|Jose R. Capablanca - we will be reviewing one of his few losses next week.|
Now an article by Jonathan Kolkey that makes a lot of sense:
Every chess player on earth faces an excruciating situation: we reach a point where we play about as well as we will ever play, and then we never progress any further. Of course not everyone can become a grandmaster, or even a master. In fact, statistically Class B players are quite rare.
Nonetheless, most chess players never come close to maximizing their potential. I suspect that many players remain haunted by a nagging sense that with all the time and effort we invested in the game, we should have been better. We all appear to be suffering collectively from a case of 'arrested development.'
I have reached the conclusion that there must be a huge flaw in the way we are educated about chess. The traditional grandmaster annotation allows the game to unfold in front of the student's eyes. I say that this MUST be supplemented by an equally essential 'post mortem' or autopsy if you will. The autopsy takes the key position and then analyzes them 'backwards', in order to discover exactly how both players arrived at a particular position.
Let me use me as an example. I studied everything I could find as a young tournament player, and slowly moved up the rating board. As an A player, my memory is better than most. I even have a draw against Sammy Reshevsky in a simultaneous exhibition that the grandmaster used in his column - calling me an 'able opponent.' But I peaked at a rating of 1937. I can still hold my own near A player strength on a 'good hair' day.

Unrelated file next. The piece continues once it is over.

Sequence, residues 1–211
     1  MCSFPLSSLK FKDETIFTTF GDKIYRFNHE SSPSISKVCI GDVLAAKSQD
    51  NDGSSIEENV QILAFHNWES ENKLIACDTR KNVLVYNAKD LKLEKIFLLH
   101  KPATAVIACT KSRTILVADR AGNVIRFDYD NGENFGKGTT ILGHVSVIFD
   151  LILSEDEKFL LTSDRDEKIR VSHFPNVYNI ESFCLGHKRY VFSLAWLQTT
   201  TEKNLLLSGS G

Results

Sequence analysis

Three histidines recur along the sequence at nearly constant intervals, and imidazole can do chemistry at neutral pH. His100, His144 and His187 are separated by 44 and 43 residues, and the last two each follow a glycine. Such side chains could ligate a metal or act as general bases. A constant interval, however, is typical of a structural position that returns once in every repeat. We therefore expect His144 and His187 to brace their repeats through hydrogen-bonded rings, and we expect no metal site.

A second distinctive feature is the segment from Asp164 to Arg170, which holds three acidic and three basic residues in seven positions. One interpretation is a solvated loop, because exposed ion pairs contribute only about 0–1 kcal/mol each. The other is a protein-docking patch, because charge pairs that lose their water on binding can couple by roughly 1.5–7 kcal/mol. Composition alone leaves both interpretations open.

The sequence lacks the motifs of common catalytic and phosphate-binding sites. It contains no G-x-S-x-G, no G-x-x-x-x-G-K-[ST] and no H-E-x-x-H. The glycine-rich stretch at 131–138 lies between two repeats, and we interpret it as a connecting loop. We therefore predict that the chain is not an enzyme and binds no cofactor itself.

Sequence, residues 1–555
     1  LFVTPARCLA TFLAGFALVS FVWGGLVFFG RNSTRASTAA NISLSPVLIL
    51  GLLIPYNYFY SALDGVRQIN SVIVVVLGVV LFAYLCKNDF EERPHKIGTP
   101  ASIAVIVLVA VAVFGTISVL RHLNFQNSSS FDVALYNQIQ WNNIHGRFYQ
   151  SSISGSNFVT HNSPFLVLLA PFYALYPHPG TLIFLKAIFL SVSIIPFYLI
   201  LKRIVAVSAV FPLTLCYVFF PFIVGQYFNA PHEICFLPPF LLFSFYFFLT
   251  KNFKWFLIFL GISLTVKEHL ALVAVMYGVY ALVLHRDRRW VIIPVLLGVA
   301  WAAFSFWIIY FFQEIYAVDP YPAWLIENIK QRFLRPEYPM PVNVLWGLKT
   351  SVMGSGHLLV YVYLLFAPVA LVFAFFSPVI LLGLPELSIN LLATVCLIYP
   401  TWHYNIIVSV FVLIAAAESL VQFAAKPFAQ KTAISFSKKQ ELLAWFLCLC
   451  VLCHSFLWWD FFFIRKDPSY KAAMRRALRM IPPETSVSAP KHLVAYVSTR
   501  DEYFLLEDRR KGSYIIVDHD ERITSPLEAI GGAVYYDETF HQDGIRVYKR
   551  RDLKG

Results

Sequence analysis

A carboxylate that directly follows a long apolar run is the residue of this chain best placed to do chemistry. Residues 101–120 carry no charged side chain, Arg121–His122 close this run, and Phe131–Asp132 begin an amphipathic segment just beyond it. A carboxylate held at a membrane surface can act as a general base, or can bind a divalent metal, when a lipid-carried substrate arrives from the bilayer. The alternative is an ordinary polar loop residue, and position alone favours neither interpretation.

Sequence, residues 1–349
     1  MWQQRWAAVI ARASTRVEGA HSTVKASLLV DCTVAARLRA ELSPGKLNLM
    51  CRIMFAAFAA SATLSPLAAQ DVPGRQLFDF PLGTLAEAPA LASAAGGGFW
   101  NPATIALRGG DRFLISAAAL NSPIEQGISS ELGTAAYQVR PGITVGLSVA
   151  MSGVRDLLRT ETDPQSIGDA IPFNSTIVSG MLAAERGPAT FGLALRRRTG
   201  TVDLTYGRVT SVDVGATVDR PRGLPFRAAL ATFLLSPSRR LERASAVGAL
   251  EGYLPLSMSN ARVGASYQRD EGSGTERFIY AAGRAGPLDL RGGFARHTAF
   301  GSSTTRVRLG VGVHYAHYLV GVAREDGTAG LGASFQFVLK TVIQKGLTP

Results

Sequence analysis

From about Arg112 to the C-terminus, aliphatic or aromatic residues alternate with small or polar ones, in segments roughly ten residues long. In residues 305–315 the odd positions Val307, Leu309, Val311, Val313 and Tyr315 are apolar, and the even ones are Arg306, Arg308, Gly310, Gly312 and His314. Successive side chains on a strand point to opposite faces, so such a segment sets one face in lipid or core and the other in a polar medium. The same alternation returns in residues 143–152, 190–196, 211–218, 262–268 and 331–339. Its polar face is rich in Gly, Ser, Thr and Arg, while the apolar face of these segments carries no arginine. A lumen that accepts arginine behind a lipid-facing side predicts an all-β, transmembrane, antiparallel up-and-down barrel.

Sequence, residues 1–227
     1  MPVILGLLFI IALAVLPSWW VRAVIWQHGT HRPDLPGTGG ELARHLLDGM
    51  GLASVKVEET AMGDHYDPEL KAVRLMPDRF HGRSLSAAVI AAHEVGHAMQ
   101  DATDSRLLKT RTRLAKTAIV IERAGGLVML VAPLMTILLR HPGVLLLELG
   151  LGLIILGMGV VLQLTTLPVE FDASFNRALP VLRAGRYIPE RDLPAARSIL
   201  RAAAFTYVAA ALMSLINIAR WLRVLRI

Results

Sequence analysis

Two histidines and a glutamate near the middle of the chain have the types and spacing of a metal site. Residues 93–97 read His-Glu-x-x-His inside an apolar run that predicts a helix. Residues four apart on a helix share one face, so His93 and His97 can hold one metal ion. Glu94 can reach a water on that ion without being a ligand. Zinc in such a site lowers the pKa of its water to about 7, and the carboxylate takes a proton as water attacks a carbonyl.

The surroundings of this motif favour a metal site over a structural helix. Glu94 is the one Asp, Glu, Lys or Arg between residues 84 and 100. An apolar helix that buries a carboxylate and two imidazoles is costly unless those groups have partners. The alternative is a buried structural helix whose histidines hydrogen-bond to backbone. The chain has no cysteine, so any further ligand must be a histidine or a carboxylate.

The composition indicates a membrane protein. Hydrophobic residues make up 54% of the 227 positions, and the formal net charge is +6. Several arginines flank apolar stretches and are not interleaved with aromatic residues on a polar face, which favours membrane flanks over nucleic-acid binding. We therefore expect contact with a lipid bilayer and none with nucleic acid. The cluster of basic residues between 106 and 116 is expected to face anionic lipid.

But I wonder why I never became an expert. I always could calculate variations, but my lack of spatial skills condemns me to a short event horizon of only a few moves ahead. I am forced to play chess based on general principles and keep the game simple, lest I quickly become lost in a thicket of complications.
I now recognize that traditional chess literature never addressed my major shortcoming. Players like me and below with limited foresight cannot hope to transfer lessons from grandmaster games into our own.
GM and IM chess writers - as well as military historical writers - use a technique called 'the fog of war" where the reader is only given only as much information as needed to explain the event's outcome.
I think we should learn the outcome FIRST and then trace the position backwards. In this way, we conveniently circumvent the amateur's limited event horizon.
As an historian, I'm used to analyzing events backwards in a manner similar to that of a coroner performing an autopsy. I believe that only in this fashion can ordinary players understand what is really going on in the game. Indeed, key positional elements, such as development and time, control of the center and files, color schemes and the configuration of minor pieces are best understood in hindsight.
[Editor's note: Let that sink in and we will give an example next post. I'm re-reading this myself!